- By: Dr. Kanwar Mohan
Normally, both of our eyes are aligned parallel in all directions of movement with the help of six muscles attached to the outside of each eye. To focus the eyes on the same spot, all the muscles in each eye must be balanced and working together in a coordinated manner. Squint, commonly called "Teer", is a condition in which the eyes are misaligned and point in different directions because some muscles in one eye become weak and some become strong owing to various reasons.
The strong muscles pull the eye towards them and this causes the turning of that eye inward, outward, upward or downward.
It occurs in 3 to 5 per cent of all children.
Squint may be present at all times, called "constant squint" or may be present only occasionally, called "intermittent squint". An intermittent squint may become constant as the age of the patient increases.
Sometimes, there is only a tendency towards squint, called "latent squint" which is kept under control by efforts of the eye muscles. When the eye muscles are tired due to overwork, fatigue or illness, they are not able to control the latent squint and the squint becomes clearly visible.
Usually there is no clearly defined cause and a child is just born with squint or it develops during infancy or childhood. Sometimes, there may be a family history of squint and the child may inherit it. Any disease or injury leading to reduced vision or damage to the eye muscles and their nerves or damage to that part of the brain which controls eye movements can cause squint.
Squint is especially common among children who have disorders of the brain like mental retardation, delayed development, brain tumours etc. It can also occur if one eye is considerably more near-sighted or far-sighted than the other.
The main symptom of squint is that one eye is not straight and it looks bad cosmetically. In older children and adults, it gives rise to psychological problems. The affected person avoids mixing with others and hesitates to attend functions.
Sometimes the child will close one eye in bright sunlight or tilt the head to use the eyes together.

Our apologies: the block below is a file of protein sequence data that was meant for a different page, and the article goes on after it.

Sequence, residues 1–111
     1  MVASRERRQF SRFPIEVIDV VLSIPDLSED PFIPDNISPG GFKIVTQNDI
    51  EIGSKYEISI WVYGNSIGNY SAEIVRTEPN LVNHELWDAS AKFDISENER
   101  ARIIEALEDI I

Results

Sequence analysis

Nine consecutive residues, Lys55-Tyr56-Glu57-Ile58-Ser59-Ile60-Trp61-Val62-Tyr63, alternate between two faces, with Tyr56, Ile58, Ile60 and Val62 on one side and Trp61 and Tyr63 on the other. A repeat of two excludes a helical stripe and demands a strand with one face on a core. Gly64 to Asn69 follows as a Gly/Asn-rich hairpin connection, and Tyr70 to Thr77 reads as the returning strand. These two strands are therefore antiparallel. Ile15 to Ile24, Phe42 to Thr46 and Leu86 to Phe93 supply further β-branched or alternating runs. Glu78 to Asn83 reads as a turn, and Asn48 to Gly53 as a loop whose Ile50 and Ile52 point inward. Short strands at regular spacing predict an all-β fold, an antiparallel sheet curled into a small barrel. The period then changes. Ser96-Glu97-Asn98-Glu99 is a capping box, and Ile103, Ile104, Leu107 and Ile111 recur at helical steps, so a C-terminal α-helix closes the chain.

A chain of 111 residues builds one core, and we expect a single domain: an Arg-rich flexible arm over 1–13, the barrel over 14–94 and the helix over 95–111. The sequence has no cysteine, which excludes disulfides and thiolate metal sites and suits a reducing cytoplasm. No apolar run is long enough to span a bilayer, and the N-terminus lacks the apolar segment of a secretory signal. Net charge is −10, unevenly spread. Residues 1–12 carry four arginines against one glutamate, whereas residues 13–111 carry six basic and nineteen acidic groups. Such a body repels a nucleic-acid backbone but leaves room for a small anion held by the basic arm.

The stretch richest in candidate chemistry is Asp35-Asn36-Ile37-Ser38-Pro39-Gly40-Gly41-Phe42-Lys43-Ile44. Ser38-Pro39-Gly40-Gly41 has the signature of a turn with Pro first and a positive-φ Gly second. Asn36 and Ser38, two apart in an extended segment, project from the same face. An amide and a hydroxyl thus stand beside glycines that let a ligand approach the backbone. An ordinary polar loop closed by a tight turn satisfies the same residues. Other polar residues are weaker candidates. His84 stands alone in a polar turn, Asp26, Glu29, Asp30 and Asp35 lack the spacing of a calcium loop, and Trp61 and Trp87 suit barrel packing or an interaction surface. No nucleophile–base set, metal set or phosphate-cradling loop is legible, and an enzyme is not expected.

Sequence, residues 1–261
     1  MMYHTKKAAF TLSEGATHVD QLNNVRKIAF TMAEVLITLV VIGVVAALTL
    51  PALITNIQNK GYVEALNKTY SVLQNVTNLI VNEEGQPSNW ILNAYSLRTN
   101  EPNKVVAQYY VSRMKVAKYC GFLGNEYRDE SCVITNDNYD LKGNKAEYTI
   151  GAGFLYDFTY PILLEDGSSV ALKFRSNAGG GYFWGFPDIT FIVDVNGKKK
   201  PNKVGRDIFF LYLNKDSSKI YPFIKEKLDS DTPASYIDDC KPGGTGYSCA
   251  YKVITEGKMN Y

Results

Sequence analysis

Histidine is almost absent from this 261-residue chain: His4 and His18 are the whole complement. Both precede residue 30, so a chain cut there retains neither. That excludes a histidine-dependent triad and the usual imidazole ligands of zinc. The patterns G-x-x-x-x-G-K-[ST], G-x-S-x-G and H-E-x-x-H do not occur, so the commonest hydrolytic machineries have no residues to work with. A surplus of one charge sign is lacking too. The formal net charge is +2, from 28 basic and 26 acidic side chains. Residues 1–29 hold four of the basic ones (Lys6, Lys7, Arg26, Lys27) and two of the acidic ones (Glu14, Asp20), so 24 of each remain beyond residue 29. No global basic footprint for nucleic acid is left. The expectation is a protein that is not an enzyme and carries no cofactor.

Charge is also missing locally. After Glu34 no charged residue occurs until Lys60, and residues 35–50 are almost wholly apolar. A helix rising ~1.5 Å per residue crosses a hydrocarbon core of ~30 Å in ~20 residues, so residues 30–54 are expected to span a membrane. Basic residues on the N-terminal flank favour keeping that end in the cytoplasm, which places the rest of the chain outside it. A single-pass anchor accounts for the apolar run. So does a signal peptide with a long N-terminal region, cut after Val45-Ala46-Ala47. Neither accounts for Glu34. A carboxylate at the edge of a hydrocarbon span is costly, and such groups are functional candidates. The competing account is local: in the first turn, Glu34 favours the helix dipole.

Normal vision develops during childhood when both eyes have normal alignment. The first six years of life are particularly important, since this is the period when vision is developing. If squint develops during this age, normal vision will not develop and the child will have reduced vision in the squinting eye, which is called amblyopia or lazy eye. Lazy eye occurs in about 50 per cent of the children with squint.
With normal alignment, both eyes focus at the same spot. The brain then fuses the images from each eye into a single three-dimensional image. This three-dimensional image gives us depth perception. When one eye squints, two different images are sent to the brain. In a young child, the brain recognises the image from the straight eye and ignores the image from the squinting eye. This causes loss of depth perception which is an important component of binocular vision. In adults, the brain is not able to ignore the image from the squinting eye and the person has double vision. Latent squint usually does not cause symptoms. But if it is large, the eye muscles may need a great effort to keep the eyes straight to avoid double vision. This may lead to eye strain and headache.
Squint can be diagnosed during an eye examination. Often parents note that the eyes of the child are pointing in different directions and bring the child for an eye check-up. Young children may have a wide, flat nose and a fold of skin at the eyelids near the nose which can make the eyes appear squinting. It is called "false squint". This appearance of squint improves as the child grows and does not need any treatment. An eye specialist can usually tell whether the child has true squint or false squint.
The child should be examined for possible squint as soon as a misalignment is detected by the parents, no matter how small the misalignment or how young the child. No child is too young to be examined. The infant's eyes are often slightly misaligned during the first month of life. However, large degrees of misalignment or misalignment persisting beyond one month of age should be investigated. It is recommended that all children should have their vision and eye alignment checked at or before their fourth birthday. If there is a family history of squint or lazy eye, the vision should be checked even earlier than three years of age. The aim is to prevent amblyopia (lazy eye) and to allow the development of binocular vision.
The treatment of squint does not mean only to straighten the eyes. It is also aimed at preserving vision and restoring binocular cooperation. As poor vision (lazy eye) occurs in about 50 per cent of the children with squint, it is extremely important to tr